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What is Mediation?

Mediation is a problem solving process in which a neutral and impartial third person acts to encourage and facilitate the resolution of a dispute. It is an informal and non-adversarial process intended to help you reach a mutually acceptable agreement where you both “win.”

Mediation is based on concepts of communication, negotiation, facilitation, and problem solving that emphasize self-determination, the needs and interests of the participants, fairness, procedural flexibility, confidentiality, and full disclosure.

The Mediation Process

When mediation begins, the mediator will describe the mediation process and the role of the mediator. You will be advised that mediation is a consensual process, that the mediator is an impartial facilitator without authority to impose a solution, and that communications made during mediation are confidential.

The mediator manages the mediation process and procedures. You can communicate privately with your attorney during mediation. Sometimes there is an agreement that mediation proceed without attorneys present. If an agreement is reached and your attorney is not present at the mediation, your attorney has 10 days to review the agreement with you and advise you about the agreement.

Although mediation is informal, make an effort not to interrupt. If you want to comment or make a statement, write it down and bring it up at the next opportunity. Do not make negative or mean-spirited remarks about any other person in the mediation conference.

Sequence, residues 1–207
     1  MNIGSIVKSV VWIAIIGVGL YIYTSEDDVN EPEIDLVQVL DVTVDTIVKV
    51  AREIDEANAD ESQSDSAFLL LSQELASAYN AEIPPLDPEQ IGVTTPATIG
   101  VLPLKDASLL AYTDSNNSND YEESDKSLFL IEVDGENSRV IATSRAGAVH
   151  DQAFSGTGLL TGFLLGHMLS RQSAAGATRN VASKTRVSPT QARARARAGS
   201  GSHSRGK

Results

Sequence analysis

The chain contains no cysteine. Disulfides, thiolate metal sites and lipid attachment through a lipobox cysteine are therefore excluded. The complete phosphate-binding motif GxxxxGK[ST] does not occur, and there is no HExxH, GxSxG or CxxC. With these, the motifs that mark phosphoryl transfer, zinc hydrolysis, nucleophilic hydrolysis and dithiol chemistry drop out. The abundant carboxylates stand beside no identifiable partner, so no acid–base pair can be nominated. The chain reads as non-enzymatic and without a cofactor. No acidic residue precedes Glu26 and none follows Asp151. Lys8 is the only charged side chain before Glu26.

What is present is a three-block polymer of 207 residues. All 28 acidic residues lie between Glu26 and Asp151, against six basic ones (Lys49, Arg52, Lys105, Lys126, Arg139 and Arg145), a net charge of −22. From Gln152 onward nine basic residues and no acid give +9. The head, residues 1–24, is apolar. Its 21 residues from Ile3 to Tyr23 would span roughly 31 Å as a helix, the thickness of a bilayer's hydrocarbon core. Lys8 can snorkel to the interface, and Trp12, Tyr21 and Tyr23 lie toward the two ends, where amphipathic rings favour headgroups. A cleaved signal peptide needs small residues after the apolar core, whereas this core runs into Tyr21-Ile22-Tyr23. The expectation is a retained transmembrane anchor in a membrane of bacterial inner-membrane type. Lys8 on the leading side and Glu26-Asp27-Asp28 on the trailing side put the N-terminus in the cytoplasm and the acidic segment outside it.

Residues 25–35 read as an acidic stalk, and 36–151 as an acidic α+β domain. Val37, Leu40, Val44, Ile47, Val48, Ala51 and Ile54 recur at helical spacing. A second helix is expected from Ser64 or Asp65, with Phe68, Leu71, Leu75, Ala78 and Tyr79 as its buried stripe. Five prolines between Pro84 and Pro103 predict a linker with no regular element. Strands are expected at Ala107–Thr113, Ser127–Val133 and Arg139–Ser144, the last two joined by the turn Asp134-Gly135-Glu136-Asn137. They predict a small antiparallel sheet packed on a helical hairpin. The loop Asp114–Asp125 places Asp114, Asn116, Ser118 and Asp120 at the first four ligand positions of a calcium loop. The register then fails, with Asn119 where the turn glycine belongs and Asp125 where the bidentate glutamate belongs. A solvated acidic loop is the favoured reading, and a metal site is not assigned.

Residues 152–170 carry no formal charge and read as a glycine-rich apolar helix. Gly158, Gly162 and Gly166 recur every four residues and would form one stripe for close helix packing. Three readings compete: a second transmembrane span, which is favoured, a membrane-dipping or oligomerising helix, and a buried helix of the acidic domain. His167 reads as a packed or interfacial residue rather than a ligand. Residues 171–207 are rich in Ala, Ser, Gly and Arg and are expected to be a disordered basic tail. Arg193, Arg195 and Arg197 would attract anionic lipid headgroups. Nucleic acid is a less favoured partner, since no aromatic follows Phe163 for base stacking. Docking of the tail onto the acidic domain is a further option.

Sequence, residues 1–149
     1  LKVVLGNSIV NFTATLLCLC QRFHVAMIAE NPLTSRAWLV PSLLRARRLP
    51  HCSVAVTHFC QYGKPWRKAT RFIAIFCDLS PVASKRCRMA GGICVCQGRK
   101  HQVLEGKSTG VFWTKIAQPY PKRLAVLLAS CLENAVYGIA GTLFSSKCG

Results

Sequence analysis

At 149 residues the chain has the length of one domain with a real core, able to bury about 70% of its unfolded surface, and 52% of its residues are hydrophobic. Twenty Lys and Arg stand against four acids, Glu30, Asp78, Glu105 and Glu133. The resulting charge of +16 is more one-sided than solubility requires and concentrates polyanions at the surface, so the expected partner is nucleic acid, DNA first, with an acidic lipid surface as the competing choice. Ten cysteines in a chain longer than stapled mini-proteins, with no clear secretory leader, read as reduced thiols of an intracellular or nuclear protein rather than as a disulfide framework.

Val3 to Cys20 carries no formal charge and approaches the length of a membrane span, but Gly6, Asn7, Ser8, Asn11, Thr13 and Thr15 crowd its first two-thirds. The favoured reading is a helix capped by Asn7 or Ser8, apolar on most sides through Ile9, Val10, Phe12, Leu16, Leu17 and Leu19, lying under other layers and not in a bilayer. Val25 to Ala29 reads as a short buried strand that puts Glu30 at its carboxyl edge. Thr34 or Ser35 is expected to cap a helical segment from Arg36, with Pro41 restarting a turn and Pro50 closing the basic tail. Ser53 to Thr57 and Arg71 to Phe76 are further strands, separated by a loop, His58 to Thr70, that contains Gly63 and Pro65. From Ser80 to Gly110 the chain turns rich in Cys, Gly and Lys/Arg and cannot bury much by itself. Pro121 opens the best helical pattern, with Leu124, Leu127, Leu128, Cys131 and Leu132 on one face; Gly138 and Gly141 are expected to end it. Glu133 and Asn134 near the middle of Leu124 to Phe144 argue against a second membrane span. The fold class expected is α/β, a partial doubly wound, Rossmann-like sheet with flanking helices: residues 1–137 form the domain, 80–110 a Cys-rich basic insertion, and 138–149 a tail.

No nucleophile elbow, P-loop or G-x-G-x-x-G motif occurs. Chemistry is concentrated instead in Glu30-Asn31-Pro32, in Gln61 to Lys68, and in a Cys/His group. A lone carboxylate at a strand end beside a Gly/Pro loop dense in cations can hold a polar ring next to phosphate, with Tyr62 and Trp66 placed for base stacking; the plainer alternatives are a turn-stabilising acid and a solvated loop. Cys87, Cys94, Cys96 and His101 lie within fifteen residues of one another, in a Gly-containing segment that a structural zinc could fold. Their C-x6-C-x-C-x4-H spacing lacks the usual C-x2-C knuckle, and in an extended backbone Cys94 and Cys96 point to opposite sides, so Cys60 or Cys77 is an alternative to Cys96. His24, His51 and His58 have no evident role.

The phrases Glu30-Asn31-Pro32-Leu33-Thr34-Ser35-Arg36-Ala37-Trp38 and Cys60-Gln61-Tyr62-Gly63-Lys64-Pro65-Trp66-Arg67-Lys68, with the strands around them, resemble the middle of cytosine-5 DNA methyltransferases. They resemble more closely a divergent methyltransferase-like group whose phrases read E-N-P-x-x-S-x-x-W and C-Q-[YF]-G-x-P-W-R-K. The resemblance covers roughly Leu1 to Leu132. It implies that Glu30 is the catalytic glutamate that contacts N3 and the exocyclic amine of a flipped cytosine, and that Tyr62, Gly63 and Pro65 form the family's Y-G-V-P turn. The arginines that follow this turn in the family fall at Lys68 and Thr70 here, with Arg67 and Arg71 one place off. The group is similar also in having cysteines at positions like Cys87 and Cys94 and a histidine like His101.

The mediator may stop the mediation conference at any time and may set times for follow up meetings. If, in the mediator’s judgment, further mediation meetings would be appropriate, productive and likely to yield meaningful results, then mediation can continue beyond a single session. Don’t forget that the problems and concerns that brought you to mediation occurred over a long period of time. A few hours may not be a realistic time frame to try to work through and resolve the issues.

If a party fails to appear without good cause at a mediation conference for which he or she had notice, the Court may award mediator and attorney fees and other costs against the participant who failed to appear. Make sure you attend scheduled mediation.

If no agreement is reached during mediation, the mediator will report the lack of agreement to the Court without comment or recommendation. With the consent of the parties, the mediator’s report may identify any pending motions or outstanding legal issues, discovery process, or other action by any party which, if resolved or completed, would facilitate the possibility of a settlement.

If an agreement is reached on any issue, the agreement must be put in writing, signed by the parties and their attorneys, if any and if present, and submitted to the Court unless the parties agree otherwise. If the attorney for any party is not present when the agreement is reached, the mediator must mail a copy of the agreement to the attorney within five days. That attorney has 10 days from the date the agreement was mailed to serve a written objection on the mediator, unrepresented parties and other attorneys in the case. If no objection is filed, the agreement is presumed to be approved by counsel and is filed with the Court by the mediator.

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